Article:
Reasons & Remarks – Much More Than A Competition

The 2021 National Veterans Wheelchair Games come back to New York City


The 2021 National Veterans Wheelchair Games (NVWG) occur this month, and although it’s actually taking place in the real world this year, the competition is significantly altered due to the novel coronavirus (COVID-19) pandemic. 

New York City is the place to be Aug. 7–14 for a modified take on this annual competition. Competition may be what first comes to mind at an event like this, but it’s far from the whole story at the NVWG.

The first NVWG I witnessed was completely by accident. I was only eight months post-injury and was on my first trip to experience the world from a wheelchair post-rehab. I chose New Orleans as my destination and was looking forward to revisiting a city where I’d recently spent three months while attending a U.S. Navy recruiting school.

When I arrived in New Orleans during the third week of June 1990, I had an unknown special surprise waiting for me — and it wasn’t free hurricane cocktails at Pat O’Brien’s. My trip just happened to coincide with the 10th annual NVWG, and the city’s famed French Quarter was completely overtaken by veterans in wheelchairs. 

If there’s a better venue to introduce the newly injured to life’s post-injury possibilities and do it in such a fun and positive way, I don’t know what it would be. I met people that week who are still close friends today, 31 years later. Competition is an important part of the Games, but for me, that takes a big back seat to the camaraderie.

This year in New York City, I have a list of places I plan to visit. When I reference distances, they’re in relation to the NVWG host hotel. These places aren’t the usual tourist spots, either; they’re places where I hope to spend time catching up with old friends and, perhaps, making a few new ones.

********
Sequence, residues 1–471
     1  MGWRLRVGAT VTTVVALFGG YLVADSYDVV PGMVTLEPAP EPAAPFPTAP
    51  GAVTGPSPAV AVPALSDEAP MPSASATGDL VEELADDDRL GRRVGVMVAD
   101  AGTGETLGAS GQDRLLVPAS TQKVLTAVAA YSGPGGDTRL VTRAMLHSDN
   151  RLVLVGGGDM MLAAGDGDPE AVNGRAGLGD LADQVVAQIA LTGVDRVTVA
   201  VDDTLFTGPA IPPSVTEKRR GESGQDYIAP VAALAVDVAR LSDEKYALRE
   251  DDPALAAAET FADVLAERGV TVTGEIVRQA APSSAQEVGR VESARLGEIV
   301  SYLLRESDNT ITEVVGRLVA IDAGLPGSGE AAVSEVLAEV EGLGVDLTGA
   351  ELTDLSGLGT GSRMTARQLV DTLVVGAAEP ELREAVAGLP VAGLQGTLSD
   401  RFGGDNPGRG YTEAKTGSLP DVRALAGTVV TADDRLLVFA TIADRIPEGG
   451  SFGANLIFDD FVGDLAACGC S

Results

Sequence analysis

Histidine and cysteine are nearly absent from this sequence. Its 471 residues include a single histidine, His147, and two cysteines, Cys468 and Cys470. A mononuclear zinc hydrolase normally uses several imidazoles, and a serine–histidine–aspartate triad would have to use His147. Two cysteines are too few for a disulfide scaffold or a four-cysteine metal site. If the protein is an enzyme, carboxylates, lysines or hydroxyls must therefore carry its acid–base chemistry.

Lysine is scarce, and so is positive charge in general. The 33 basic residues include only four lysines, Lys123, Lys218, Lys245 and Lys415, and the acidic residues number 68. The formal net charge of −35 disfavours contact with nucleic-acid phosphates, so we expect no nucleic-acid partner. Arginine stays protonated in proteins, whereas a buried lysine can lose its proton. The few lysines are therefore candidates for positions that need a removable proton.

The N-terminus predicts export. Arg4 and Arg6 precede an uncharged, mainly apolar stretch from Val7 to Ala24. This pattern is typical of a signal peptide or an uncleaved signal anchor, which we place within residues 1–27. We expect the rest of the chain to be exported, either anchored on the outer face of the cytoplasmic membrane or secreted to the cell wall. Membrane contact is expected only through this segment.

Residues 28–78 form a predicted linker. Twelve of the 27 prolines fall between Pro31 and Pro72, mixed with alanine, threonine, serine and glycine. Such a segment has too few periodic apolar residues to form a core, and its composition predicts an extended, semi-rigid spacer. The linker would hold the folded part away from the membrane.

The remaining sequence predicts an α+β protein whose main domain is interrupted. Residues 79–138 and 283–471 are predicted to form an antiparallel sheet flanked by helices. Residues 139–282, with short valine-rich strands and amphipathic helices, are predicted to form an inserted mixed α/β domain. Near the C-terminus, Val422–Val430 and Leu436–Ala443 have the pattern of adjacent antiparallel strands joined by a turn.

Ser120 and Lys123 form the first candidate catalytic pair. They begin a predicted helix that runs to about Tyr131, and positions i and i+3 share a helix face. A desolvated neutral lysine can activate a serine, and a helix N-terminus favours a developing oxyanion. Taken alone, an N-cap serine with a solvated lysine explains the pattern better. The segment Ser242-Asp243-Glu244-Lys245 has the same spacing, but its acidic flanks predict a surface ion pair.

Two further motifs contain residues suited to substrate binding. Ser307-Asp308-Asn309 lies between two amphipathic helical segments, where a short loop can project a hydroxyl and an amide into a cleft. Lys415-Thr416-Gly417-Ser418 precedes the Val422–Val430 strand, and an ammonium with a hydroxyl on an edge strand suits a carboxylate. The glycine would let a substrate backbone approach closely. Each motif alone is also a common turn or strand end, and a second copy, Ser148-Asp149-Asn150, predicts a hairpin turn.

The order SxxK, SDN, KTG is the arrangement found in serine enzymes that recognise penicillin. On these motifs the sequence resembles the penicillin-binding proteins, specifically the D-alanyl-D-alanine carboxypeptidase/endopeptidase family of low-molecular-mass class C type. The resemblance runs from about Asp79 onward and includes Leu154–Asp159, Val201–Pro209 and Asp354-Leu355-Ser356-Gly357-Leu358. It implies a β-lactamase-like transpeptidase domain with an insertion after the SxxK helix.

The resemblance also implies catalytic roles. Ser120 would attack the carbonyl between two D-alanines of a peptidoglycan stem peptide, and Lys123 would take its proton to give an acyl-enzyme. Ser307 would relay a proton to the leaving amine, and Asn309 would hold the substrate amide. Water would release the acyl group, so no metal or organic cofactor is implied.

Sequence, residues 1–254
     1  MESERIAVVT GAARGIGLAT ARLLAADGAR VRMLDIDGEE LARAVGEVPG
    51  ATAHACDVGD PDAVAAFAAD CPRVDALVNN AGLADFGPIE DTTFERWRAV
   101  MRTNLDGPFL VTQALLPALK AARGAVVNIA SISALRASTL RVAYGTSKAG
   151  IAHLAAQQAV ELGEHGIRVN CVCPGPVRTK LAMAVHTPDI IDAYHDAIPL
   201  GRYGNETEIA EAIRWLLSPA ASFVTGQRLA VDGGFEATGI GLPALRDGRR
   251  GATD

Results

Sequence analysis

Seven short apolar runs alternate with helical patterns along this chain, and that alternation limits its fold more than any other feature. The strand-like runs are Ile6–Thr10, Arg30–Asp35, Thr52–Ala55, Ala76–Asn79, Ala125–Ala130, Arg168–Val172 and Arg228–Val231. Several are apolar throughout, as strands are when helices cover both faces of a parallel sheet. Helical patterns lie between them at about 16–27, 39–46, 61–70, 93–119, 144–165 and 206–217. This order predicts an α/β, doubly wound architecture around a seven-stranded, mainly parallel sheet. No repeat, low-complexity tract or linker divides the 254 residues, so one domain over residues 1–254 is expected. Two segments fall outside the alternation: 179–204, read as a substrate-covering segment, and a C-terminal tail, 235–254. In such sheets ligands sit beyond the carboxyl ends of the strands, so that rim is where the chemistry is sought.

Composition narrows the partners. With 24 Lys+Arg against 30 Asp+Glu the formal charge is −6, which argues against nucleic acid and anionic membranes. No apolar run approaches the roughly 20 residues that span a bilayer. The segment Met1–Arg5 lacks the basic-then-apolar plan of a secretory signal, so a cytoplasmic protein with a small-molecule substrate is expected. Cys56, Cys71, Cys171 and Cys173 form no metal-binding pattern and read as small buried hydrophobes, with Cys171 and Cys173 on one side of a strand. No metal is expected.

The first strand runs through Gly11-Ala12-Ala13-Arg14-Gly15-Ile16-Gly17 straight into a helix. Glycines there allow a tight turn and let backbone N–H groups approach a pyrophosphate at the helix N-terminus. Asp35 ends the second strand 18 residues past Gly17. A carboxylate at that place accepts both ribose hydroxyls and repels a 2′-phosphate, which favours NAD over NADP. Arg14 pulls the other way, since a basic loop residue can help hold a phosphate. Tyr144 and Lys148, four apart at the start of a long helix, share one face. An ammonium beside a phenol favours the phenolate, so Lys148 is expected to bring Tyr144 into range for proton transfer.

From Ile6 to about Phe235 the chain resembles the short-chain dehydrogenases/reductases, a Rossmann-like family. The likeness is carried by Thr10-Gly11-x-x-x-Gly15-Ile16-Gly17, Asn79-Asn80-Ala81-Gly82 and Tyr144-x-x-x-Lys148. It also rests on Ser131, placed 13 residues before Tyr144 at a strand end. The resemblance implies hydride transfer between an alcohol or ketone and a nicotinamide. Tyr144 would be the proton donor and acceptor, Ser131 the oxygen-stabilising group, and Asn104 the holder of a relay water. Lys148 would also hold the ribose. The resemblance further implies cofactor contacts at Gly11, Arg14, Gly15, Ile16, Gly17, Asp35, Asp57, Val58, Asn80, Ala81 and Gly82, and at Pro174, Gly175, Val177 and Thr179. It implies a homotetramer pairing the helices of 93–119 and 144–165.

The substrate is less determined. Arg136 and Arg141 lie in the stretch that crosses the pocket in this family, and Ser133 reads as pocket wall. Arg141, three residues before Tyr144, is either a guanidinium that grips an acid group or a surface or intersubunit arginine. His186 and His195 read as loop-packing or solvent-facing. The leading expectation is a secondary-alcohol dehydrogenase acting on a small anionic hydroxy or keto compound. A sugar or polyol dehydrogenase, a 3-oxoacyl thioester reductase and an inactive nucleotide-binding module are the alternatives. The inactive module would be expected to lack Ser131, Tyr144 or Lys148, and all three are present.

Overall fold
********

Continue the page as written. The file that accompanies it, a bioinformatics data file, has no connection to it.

Just like my favorite places in New Orleans, many of the places in the Big Apple involve food or other indulgences that will pack far more calories than I will burn while competing in table tennis or billiards.

First on my list is a new restaurant called Contento ( It just opened June 10 and is purported to be unique in an incredibly significant way for NVWG attendees. Owners Yannick Benjamin and George Gallego both have spinal-cord injuries and use wheelchairs.

When Benjamin and Gallego created Contento, they did so with total accessibility being their first and foremost concern. The restaurant is reported to have a fully accessible floor plan, coupled with a reasonably priced menu and wine list. If the food is good, it sounds like a winner to me.

Located at the far north end of Central Park, Contento is roughly 4 miles from the Sheraton New York Times Square Hotel, where many NVWG events will take place. New York City has more than 3,500 accessible taxis that would be happy to take you there, but in Manhattan traffic, I have no idea how long that may take.

Now that dinner is taken care of, how about a nice cigar and a drink in a place that evokes visions of Frank Sinatra and the Rat Pack? Located just a couple of blocks north of the Sheraton, the Carnegie Club ( is right across the street from the famed Carnegie Hall and is just the place for a nightcap.

The library-like look and feel of dark wood with shelves of leather bound books will surely transport you back in time. I personally look forward to spending at least one evening in this famous establishment with a few friends while partaking in some less-than-athletic behavior.

It’s probably obvious by now that an old-school steak house and retro cocktail lounge will rise above the juice bar on my list of memory-making places while visiting New York City.

No matter what place you choose and no matter where you find yourself in this world-class city, I know the camaraderie you experience with your fellow veterans will be a memory that lasts much longer than who won at table tennis.  

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